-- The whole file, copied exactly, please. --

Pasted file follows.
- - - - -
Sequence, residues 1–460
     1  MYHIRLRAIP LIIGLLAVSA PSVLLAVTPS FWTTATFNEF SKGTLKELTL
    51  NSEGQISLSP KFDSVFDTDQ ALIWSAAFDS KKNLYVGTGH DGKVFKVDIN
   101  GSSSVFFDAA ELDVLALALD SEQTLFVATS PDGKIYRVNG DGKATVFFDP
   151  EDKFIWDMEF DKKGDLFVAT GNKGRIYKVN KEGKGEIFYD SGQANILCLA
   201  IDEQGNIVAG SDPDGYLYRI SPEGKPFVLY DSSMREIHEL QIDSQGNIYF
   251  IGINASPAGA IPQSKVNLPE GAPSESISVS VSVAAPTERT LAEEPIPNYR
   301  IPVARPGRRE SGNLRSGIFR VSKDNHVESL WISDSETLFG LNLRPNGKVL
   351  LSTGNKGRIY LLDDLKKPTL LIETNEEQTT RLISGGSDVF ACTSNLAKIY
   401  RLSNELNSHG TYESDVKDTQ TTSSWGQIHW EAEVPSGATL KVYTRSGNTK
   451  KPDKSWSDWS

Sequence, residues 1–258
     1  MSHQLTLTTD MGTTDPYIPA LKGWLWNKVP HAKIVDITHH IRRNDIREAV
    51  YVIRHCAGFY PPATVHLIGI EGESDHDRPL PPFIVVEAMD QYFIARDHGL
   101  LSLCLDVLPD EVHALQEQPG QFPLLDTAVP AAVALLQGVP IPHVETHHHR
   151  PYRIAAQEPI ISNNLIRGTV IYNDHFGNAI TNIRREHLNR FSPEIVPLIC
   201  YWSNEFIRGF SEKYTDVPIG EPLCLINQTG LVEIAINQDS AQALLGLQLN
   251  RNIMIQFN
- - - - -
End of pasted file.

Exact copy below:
Sequence, residues 1–460
     1  MYHIRLRAIP LIIGLLAVSA PSVLLAVTPS FWTTATFNEF SKGTLKELTL
    51  NSEGQISLSP KFDSVFDTDQ ALIWSAAFDS KKNLYVGTGH DGKVFKVDIN
   101  GSSSVFFDAA ELDVLALALD SEQTLFVATS PDGKIYRVNG DGKATVFFDP
   151  EDKFIWDMEF DKKGDLFVAT GNKGRIYKVN KEGKGEIFYD SGQANILCLA
   201  IDEQGNIVAG SDPDGYLYRI SPEGKPFVLY DSSMREIHEL QIDSQGNIYF
   251  IGINASPAGA IPQSKVNLPE GAPSESISVS VSVAAPTERT LAEEPIPNYR
   301  IPVARPGRRE SGNLRSGIFR VSKDNHVESL WISDSETLFG LNLRPNGKVL
   351  LSTGNKGRIY LLDDLKKPTL LIETNEEQTT RLISGGSDVF ACTSNLAKIY
   401  RLSNELNSHG TYESDVKDTQ TTSSWGQIHW EAEVPSGATL KVYTRSGNTK
   451  KPDKSWSDWS

Sequence, residues 1–258
     1  MSHQLTLTTD MGTTDPYIPA LKGWLWNKVP HAKIVDITHH IRRNDIREAV
    51  YVIRHCAGFY PPATVHLIGI EGESDHDRPL PPFIVVEAMD QYFIARDHGL
   101  LSLCLDVLPD EVHALQEQPG QFPLLDTAVP AAVALLQGVP IPHVETHHHR
   151  PYRIAAQEPI ISNNLIRGTV IYNDHFGNAI TNIRREHLNR FSPEIVPLIC
   201  YWSNEFIRGF SEKYTDVPIG EPLCLINQTG LVEIAINQDS AQALLGLQLN
   251  RNIMIQFN